Yup, there he is. This guy goes by several names: as seen above, calosoma auropunctatum; spitting ground beetle; and in Africa - oogpister, which roughly translates to "spits in your eye."
When these beetles feel threatened (which apparently they do quite easily), the turn around, lift up their back end and spray a noxious and painful chemical at you. Lovely, no?
But, what is lovely is this bug's exterior. He is gorgeous. Those spots on his back are actually pits coated in the most impressive copper/gold. Those pits sparkle and shine like nothing else. And depending on the direction of the light, they seem to change color - from a deep copper to a shiny green. Really incredible.
This painting is the result of The Artful Insect, which I took during RISD/CE's winter session with instructor and Natural Science Illustration Advisor, Amy Bartlett Wright. Amy is an amazing instructor and I loved every second of this class.
Amy brought in her own collection of over 500 insects (!) and let us each pick the one we wanted to draw. The second I saw this oogpister, I knew he was the one. It was love at first sight. We used binocular stereoscopic zoom microscopes and fiber optic lighting and over the course of 3 Saturdays (21 hours) drew and painted our new friends.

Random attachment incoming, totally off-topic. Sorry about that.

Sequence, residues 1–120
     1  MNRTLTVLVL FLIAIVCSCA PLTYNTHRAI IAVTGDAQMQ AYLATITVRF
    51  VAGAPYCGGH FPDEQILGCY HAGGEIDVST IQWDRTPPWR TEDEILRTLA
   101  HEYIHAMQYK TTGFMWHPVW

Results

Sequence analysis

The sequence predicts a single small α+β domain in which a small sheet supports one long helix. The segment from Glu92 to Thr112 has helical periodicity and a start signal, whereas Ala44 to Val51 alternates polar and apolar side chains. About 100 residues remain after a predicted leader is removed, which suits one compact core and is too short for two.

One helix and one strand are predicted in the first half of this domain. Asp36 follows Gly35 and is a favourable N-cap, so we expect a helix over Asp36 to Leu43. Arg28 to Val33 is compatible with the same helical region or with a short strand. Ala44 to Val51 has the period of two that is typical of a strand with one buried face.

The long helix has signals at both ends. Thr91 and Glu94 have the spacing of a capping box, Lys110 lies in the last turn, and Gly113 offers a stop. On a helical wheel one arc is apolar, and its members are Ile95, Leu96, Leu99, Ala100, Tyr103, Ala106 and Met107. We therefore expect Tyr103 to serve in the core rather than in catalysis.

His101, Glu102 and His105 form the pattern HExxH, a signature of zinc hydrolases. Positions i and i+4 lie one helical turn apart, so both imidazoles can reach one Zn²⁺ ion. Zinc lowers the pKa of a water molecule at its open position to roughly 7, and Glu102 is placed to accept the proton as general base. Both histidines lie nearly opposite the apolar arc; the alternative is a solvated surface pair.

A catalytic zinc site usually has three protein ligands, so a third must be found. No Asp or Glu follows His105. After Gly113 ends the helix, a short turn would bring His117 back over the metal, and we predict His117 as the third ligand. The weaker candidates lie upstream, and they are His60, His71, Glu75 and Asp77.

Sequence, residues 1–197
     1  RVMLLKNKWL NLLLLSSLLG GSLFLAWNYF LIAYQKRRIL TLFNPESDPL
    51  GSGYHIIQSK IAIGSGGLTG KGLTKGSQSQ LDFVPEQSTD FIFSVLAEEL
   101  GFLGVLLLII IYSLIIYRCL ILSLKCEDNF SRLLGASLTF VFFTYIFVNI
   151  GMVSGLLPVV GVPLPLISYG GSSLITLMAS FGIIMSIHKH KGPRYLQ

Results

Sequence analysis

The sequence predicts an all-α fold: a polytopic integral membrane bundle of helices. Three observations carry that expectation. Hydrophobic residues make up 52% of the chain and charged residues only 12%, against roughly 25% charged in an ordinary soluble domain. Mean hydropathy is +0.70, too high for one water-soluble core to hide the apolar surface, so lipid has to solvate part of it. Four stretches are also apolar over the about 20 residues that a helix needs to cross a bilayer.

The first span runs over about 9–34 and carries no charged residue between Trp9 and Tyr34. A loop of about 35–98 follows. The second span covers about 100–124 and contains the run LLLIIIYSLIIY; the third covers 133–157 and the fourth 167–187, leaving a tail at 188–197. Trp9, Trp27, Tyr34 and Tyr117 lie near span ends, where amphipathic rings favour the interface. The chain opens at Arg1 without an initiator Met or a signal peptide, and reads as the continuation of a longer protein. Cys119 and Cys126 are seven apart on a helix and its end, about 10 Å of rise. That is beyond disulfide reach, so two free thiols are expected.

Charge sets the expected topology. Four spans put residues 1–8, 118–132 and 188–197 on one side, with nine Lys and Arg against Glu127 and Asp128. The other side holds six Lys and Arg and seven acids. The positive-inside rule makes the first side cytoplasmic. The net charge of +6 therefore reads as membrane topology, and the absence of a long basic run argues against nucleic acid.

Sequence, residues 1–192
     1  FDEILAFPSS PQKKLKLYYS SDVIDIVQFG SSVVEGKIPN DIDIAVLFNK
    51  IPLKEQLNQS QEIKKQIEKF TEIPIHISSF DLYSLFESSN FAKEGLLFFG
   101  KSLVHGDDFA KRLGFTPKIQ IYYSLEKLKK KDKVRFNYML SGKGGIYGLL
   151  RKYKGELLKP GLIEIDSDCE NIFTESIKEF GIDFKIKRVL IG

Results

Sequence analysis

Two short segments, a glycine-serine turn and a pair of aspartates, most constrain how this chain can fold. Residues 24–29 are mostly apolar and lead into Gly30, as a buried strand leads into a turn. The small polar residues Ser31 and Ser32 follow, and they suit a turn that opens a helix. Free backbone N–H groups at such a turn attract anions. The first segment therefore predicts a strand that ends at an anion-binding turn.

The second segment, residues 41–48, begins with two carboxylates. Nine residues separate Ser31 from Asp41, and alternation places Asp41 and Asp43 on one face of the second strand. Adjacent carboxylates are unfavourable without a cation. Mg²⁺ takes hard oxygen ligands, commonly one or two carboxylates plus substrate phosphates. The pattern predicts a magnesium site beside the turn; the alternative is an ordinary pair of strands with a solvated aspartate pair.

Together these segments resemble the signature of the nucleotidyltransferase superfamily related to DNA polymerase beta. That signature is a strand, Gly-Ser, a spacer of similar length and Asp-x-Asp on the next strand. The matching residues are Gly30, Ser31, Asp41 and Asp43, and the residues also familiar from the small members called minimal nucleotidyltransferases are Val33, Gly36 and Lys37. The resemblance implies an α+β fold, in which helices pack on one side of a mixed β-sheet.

I learned so much and am very grateful that Amy let me borrow the bug so that when my new microscope arrives in a couple of days (!) I can add the finishing touches to my painting, like the tiny hairs on his legs.
Here's the technical stuff: 140lb Arches hot-pressed paper, and mostly Winsor Newton watercolor paints. I wish I could remember the mix I used for the warm brownish first wash, but I was just experimenting till I found the right shade. The black, however is the standard Alazarin Crimson mixed with Pthalo Green. For me, squeezing the paints into the well, mixing them together while all creamy and then adding enough water to make thin it out a bit works best.
The spots/pits were first painted with Twinkling H2o's (mustard green) because they have such a nice sparkle. But it was too dark, so Amy suggested creating highlights and adding depth by putting a swipe of white acrylic along the bottom of each pit, then when that dried, adding a bright yellow acrylic over the white. I couldn't believe what a huge effect that little bit of paint had.
His actual size is 10"x6".
I hope you like him.